Cold Weather Only Partially To Blame For Slow Home Construction
Last week, the U.S. Department of Housing and Urban Development and the U.S. Census Bureau released figures showing that in January 2014, housing starts fell 16 percent to a seasonally adjusted annual rate of 880,000 units. These numbers reflect a two percent dip from January 2013. Additionally, it was reported that single-family permits declined 1.3% to a seasonally adjusted annual pace of 602,000 units.
“Cold weather clearly put a chill on new home construction,” observed Kevin Kelly, the chairman of the National Association of Home Builders (NAHB) and a home builder and developer himself. Certainly, the unusually harsh winter we have had is partially to blame. For instance, from December to January, the pace dropped 67.7% in January in the snow-covered Midwest, whereas it fell only 12.5% in the milder South.
However, the rough winter alone does not explain these numbers. For example, it does not correlate with the statistic that from December to January the Northeast increased its rate of groundbreakings by 61.9%. The online real estate data firm Trulia estimates that over the past decade, severe winters have contributed to, at most, a two percent drop in construction activity, a much lower percentage than the one announced last week.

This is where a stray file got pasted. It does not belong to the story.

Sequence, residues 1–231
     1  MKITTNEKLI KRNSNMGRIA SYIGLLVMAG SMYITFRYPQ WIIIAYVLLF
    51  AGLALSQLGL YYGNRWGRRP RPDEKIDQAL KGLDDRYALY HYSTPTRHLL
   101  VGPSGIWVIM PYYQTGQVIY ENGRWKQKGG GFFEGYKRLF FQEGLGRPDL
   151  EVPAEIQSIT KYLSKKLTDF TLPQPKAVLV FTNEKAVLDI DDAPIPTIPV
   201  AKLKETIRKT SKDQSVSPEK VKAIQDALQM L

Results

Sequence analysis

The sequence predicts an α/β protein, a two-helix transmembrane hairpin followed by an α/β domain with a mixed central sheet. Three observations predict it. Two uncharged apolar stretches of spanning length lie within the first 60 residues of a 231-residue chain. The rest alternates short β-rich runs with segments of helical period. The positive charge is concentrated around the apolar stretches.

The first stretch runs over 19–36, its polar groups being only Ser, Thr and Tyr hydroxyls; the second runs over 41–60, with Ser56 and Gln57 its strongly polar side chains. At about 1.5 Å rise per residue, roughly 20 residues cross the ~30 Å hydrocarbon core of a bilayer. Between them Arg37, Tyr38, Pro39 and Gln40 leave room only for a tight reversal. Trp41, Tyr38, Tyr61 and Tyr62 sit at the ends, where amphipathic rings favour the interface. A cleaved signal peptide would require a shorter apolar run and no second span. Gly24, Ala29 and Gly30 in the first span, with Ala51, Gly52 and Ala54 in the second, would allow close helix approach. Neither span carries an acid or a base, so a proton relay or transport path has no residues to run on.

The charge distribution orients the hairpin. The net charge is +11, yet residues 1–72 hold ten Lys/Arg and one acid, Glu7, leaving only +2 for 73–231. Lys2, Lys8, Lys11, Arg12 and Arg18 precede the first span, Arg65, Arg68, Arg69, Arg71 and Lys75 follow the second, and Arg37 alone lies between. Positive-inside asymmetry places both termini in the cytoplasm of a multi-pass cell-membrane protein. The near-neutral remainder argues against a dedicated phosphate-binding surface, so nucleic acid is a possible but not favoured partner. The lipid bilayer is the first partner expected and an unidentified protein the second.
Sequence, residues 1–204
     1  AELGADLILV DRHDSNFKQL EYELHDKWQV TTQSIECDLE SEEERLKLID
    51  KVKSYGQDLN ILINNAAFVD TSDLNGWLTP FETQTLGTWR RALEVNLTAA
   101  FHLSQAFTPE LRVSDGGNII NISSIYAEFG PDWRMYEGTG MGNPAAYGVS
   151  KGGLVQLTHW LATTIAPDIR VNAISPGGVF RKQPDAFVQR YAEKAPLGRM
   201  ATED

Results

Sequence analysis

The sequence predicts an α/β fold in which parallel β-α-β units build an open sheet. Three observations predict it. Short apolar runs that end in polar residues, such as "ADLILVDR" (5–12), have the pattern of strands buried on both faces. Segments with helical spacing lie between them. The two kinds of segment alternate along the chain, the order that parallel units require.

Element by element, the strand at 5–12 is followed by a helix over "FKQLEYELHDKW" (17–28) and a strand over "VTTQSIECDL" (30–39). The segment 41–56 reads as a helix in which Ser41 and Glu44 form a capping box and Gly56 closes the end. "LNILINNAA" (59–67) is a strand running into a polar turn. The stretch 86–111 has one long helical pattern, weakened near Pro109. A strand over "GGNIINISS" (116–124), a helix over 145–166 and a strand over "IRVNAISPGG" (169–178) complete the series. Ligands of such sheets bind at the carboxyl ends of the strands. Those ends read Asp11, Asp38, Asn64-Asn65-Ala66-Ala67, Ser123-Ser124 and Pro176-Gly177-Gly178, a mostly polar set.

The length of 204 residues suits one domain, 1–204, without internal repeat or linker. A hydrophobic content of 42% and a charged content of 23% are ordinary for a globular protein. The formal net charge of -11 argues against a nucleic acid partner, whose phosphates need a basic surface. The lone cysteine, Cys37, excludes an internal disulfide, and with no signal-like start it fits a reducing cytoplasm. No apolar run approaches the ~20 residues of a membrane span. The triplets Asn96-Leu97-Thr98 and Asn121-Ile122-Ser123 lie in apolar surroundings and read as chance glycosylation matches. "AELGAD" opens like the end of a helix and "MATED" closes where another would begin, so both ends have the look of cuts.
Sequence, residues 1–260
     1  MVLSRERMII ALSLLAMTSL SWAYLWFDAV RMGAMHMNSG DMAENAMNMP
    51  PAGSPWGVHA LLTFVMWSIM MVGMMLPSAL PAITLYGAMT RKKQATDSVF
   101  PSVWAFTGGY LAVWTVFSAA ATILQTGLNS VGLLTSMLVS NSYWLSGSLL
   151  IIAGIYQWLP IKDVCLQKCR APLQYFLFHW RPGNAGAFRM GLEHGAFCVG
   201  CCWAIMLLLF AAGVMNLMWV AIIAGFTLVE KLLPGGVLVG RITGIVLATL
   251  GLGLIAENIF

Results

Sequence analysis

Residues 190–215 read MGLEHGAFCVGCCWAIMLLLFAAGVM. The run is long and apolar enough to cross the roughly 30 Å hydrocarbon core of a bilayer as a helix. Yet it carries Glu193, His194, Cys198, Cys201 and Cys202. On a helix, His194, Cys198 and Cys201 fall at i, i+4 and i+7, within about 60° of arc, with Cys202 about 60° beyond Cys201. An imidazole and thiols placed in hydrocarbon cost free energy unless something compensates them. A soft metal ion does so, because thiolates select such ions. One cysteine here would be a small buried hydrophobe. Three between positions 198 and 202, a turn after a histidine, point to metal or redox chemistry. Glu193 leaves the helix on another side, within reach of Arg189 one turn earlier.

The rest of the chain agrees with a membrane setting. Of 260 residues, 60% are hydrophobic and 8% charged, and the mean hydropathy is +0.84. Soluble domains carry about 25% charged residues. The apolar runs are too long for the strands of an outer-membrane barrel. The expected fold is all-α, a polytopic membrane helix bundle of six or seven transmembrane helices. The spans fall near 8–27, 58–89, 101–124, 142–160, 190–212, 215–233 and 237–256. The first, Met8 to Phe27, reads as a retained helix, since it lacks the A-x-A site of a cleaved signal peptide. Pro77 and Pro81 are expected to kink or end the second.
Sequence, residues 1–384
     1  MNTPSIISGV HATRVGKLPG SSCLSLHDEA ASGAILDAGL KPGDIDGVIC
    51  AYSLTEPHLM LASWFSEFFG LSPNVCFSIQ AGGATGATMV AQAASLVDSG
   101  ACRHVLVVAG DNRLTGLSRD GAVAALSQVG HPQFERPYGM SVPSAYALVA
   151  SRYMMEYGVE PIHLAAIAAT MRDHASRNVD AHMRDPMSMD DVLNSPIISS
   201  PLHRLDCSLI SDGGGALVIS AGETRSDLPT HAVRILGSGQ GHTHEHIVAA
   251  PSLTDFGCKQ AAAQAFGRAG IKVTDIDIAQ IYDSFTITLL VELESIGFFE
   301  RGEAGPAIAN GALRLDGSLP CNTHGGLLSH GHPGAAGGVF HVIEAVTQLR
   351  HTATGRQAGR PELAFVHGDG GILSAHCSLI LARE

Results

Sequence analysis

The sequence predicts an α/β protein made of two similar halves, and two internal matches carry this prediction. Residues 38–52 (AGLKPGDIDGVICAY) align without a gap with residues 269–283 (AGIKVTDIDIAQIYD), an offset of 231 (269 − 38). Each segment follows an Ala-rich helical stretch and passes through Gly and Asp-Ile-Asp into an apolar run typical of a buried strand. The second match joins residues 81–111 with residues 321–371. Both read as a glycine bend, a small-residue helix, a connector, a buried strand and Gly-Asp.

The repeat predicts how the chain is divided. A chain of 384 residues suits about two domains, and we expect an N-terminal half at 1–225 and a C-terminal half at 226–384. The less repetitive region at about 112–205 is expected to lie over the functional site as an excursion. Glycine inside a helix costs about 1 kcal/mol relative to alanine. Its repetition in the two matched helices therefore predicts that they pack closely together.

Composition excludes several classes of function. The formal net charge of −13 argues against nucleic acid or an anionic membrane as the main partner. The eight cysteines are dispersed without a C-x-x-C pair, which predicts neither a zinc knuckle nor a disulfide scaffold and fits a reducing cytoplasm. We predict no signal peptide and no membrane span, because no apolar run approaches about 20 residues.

Other Factors: Reduced Inventory and Shortage of Labor
Indeed, other factors appear to have impacted the January statistics. For one, there has been a sharp decline in housing inventory over the last few years. Not only have many recent investors been purchasing homes intending to rent them out rather than sell them, but those who do intend to sell understand that the market is stabilizing and are waiting to sell until it is more opportune for them. Additionally, the reduced amount of inventory adversely impacts the likelihood that a homeowner can find a suitable “move-up” home and, at least for the time being, those homeowners are staying put.
There is also a shortage of skilled labor. According to the U.S. Bureau of Labor Statistics, 2.3 million of the 8.2 million jobs lost during the recession were in construction, and due to the lingering effects of the collapse of the housing market, it will take several more years to build up a supply of skilled laborers. Meanwhile, those who are available to work are demanding significantly higher wages than in years past.
The February 2014 New Residential Construction data will be released on Tuesday, March 18.